90% of Vancouverites live within 10 minutes of frequent public transit: report
A new report by the Institute for Transportation and Development Policy provides the city of Vancouver with a glowing evaluation of its level of public transit services.
The New York City-based global non-profit research organization’s latest report states 90% of residents within the city proper are within a 10 minutes walking or cycling distance from a frequent transit stop.
In fact, Vancouver tops the list of 22 North American cities evaluated, with Toronto coming at second place (83%), Philadelphia at third (80%), Boston at fourth (76%), and Montreal at fifth (75%). Neighbouring Seattle ranks seventh with 71%.
Of course, Vancouver has some of the highest population densities of any major city in North America, and it is generally quite compact.
“Greater population density typically means more people living closer to more destinations, which allows for shorter trips that are more easily done by walking, cycling, and using transit,” reads the report.
“Higher densities are cheaper to serve by high-frequency transit, and higher transit frequencies lead to greater use of transit.”
But Boston has the highest level of frequent transit services as a result of rapid transit, with 35% of residents within a half-kilometre walk of a rapid transit station. This is followed by Philadelphia at 22% and Vancouver at 20%.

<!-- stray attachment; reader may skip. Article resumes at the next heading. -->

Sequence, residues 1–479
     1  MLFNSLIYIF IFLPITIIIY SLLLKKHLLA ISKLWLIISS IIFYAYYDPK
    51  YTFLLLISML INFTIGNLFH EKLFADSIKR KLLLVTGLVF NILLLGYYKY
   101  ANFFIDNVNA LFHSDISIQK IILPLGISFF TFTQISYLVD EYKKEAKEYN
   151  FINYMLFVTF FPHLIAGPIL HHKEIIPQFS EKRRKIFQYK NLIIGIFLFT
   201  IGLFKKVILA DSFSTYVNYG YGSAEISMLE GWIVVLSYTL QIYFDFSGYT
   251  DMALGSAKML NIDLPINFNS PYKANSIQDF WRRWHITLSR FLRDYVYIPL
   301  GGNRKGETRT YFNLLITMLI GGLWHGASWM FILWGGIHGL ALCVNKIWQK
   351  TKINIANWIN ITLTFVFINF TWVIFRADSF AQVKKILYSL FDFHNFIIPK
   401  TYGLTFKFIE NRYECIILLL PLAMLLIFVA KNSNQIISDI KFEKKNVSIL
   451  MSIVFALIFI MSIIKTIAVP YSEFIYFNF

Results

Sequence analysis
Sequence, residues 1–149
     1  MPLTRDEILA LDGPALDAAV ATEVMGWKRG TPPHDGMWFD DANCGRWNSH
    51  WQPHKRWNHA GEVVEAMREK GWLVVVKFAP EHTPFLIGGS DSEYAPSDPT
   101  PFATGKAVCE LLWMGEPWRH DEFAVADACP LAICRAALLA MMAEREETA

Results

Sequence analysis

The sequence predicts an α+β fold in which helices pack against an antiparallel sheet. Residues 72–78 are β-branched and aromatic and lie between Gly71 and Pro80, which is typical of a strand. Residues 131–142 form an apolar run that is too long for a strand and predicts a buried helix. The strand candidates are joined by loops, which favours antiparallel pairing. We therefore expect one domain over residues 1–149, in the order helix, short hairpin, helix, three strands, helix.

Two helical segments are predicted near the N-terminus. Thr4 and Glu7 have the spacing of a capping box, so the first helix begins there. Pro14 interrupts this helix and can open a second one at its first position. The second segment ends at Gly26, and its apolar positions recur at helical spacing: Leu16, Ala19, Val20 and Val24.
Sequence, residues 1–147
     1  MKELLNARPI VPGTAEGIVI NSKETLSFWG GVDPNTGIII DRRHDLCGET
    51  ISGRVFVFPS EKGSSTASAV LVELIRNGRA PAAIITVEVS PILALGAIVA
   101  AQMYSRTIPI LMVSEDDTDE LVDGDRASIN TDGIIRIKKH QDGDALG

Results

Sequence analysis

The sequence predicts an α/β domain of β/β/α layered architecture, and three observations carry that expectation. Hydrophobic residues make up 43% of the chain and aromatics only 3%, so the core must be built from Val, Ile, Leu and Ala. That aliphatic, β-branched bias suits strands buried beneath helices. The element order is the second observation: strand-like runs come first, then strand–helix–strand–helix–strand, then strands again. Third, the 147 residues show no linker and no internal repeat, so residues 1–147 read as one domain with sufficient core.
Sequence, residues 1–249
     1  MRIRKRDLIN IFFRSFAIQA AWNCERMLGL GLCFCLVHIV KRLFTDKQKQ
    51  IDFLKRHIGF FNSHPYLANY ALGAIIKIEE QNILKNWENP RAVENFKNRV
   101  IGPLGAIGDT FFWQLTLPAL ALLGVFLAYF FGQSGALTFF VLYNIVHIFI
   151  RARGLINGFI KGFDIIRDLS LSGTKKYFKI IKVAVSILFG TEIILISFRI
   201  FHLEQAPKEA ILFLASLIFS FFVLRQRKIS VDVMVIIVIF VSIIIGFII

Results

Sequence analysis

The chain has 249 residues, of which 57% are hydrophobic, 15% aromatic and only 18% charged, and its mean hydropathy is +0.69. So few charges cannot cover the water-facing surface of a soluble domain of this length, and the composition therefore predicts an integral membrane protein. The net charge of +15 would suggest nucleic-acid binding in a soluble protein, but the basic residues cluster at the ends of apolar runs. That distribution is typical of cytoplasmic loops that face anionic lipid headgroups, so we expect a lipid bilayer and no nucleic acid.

Vancouver’s small city blocks have also provided it with the advantage of being able to more easily create walkable urban environments with close access to public transit.
The city ranks second in block density (80%) — just behind Guadalajara, Mexico (90%) and ahead of Minneapolis (63%). Block density is defined as the average number of city blocks per square kilometre of jurisdiction studied.
But the block density is much lower across the entire Metro Vancouver region, which has an overall density of 13%.
“While there is not necessarily a known ideal number of blocks per square kilometre, shorter blocks are associated with higher levels of walkability, so generally speaking, having more blocks is better,” the report continues.
“Short blocks should allow for more direct routes to destinations. Higher walkability in cities is a crucial to increasing mode shares for sustainable forms of transportation, as many sustainable modes, such as public transportation or bike share, require commuters to first walk from their homes to the transportation.”
When it comes to sustainable transport mode share (transportation performed by walking, cycling, and/or public transit), Vancouver’s mode share of 52.3% was the highest of any city evaluated. This is followed by Toronto (50.8%), Montreal (50.7%), Boston (49.3%), and Philadelphia (36.2%).
Canada’s three largest urban regions perform similarly with a mode share of roughly 30%, with Greater Toronto coming slightly ahead.
Vancouver’s high public transit usage trends are also reflected in TransLink’s latest record-breaking ridership, with year-over-year growth rates outpacing many other North American jurisdictions for consecutive years.
“Our ridership is North American leading and extraordinary, and I have been in this business for a long time,” TransLink CEO Kevin Desmond told Daily Hive in a recent interview.
“There is nothing else like it right now. It is fuelled by a good economy and fuelled by repeated service increases that we have put into place.”
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